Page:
"Didi will usher in a new era," said a woman in her mid-thirties, adding, "Bengal will flourish under her leadership".

"What worries me is that the party could never grow beyond Didi", said a middle-aged voice.

"A win will change everything, Dada. Move on, wait and see", assured the woman. I took the cue and started walking again to stop soon after for a cup of tea. The roadside stall was doing brisk business.

"I have already sold 25 cups of tea," said the beaming owner. "This is such a crucial election, isn't it?"

When asked who would win, he whispered (quickly roaming his eyes around), "I want the Left to win. A known devil is better. . . . But then TMC has a strong chance this time, you see."

 I couldn't but agree.

Image: Trinamool Congress chief Mamata Banerjee
Photographs: Reuters
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Polling was going on amid tight security

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At a distance, a toddler was seen coming back from the booth with her mother.

Greeting me with a friendly smile, the little one flaunted her freshly inked index figure. "Oh, you voted too," I asked.

The smile grew bigger. "It's a red letter day for her," said her mom.

"It's always good to vote early, you see. It only took me 10 minutes", she informed before walking back to her home at a distance.

The child kept looking back -- fatigue-clad Central Reserve Police Force drawing her attention this time.

Polling was going on amid tight security.

Hundred companies of CRPF were supposed to be guarding the six-phase election in West Bengal.

The full bench of the Election Commission, headed by Chief Election Commissioner Y S Qureshi, visited West Bengal earlier to assess the situation and proposed to deploy the CRPF.

A six-member high-level Election Commission team had also toured the trouble-torn areas.

Image: A CRPF jawan guards a polling booth in Kolkata's Jadavpur constituency on Wednesday morning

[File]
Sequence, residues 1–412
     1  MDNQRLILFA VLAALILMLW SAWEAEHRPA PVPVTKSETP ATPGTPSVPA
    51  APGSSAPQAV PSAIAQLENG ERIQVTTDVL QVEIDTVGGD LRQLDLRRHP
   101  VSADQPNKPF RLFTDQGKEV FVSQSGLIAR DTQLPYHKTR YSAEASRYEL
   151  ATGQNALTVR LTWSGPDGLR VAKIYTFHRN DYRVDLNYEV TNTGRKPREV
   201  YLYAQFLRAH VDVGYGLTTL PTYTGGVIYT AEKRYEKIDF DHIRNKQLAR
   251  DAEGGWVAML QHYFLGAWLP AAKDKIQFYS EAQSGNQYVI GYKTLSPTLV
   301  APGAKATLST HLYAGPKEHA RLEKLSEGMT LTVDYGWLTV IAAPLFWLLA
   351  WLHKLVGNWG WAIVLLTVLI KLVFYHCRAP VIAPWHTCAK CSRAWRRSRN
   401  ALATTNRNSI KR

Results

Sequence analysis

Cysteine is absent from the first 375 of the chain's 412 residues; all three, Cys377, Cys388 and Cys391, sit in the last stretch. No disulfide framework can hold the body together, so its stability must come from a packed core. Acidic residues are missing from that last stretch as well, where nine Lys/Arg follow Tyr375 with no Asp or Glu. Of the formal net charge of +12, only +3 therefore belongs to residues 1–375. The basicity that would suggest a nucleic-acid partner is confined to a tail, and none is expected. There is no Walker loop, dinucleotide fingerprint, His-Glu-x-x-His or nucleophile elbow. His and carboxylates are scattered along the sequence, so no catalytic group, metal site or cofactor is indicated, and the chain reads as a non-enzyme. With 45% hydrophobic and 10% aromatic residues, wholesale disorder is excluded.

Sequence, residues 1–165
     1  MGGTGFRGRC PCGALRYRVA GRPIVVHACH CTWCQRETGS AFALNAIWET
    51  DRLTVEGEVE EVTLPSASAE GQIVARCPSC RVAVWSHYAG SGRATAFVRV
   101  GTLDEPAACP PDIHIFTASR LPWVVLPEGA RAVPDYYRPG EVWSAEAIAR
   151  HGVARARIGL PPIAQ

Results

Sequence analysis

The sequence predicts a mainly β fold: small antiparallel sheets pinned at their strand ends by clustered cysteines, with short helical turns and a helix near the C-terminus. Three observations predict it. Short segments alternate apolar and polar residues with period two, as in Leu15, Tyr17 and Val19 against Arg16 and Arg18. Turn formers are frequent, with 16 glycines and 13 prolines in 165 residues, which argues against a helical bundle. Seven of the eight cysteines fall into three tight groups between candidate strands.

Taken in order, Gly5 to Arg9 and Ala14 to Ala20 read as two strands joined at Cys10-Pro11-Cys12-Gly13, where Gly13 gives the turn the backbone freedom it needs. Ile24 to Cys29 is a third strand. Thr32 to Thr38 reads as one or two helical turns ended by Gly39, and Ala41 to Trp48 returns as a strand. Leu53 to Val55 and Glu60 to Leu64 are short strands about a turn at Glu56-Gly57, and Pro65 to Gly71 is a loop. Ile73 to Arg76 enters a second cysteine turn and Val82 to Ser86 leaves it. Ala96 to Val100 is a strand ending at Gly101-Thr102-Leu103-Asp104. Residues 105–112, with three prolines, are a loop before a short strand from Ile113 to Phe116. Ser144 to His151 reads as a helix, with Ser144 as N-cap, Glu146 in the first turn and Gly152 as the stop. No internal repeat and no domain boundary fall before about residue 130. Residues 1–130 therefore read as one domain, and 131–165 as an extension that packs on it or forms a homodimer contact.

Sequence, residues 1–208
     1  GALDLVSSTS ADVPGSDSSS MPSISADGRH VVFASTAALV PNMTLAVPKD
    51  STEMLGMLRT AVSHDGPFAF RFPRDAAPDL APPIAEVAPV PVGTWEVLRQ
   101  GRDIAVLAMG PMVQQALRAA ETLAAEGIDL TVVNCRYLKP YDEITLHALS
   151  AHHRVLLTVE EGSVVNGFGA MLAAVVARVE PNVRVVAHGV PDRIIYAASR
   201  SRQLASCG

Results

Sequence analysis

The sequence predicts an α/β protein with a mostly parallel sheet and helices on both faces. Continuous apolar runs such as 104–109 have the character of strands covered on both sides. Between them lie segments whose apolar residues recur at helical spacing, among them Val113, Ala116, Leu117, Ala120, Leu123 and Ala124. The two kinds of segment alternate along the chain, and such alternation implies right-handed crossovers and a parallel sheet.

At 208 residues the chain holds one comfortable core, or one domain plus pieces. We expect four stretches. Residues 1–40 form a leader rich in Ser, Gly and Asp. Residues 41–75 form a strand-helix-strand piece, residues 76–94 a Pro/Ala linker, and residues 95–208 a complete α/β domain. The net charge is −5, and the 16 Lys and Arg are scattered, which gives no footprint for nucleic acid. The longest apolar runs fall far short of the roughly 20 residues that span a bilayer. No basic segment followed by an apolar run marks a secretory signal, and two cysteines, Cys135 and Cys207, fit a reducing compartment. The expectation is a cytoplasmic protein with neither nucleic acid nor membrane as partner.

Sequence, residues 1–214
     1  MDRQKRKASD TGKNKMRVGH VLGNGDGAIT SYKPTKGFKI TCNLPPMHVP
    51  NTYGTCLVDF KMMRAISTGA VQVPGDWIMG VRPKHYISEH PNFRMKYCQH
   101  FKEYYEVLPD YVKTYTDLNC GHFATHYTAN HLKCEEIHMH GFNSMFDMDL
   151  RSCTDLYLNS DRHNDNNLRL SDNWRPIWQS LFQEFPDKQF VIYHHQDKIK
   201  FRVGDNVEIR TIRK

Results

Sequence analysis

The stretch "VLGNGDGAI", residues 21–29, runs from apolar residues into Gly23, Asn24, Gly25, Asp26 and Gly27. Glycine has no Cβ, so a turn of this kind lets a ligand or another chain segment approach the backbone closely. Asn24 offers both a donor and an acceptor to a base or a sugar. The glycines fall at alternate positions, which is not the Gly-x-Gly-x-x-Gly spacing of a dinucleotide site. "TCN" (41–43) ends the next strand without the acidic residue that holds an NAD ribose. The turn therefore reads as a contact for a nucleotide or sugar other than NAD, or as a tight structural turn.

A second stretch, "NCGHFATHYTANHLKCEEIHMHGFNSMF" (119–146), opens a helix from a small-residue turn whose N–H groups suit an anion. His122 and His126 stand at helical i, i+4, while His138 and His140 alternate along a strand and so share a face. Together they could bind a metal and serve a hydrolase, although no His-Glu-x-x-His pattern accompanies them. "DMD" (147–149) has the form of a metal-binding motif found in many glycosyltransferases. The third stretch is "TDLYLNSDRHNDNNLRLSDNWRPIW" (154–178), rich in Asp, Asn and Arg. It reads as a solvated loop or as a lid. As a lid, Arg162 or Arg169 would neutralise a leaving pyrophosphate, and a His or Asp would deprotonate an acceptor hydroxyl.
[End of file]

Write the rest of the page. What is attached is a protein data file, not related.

Photographs: Dipak Chakroborty
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'The road ahead is sure to be a violent one'

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"The CRPF would only ensure that polling is peaceful. But I am worried about what's going to happen afterwards. Whatever be the result, Bengal is heading towards a mad bloodbath," a top cop had told me some time back on condition of anonymity.

"The road ahead is sure to be a violent one", he had said. Reason?

"Be it poriborton or protyaborton, both the victor and the vanquished would want to make their presence felt."

And his sense fear was infectious.

Last night, a dear friend from outside Kolkata called up to say, "Never take any unnecessary risk. Please be careful. No rash decision, please. Amid this political turmoil, one can't tell a friend from a foe."

May be she was worrying a little too much -- things are not this bad, eh, I assured myself.

But the second part of her warning seemed too poignant -- this indeed is a perplexing time. We just cannot afford more bloodshed. Our dear state has suffered way too much, already.

Whoever wins the elections, why can't we behave like mature political souls?
Perhaps, this is the time to keep our hopes alive.
This is the hour to seek solace in Pete Seeger's unforgettable song:

Where have all the flowers gone? Long time passing. Where have all the flowers gone? Long time ago.Where have all the flowers gone? Young girls picked them, ev'ry one. When will they ever learn? When will they ever learn?
Where have all the graveyards gone? Long time passing. Where have all the graveyards gone? Long time ago.
Where have all the graveyards gone? Covered in flowers, ev'ry one. When will they ever learn? When will they ever learn?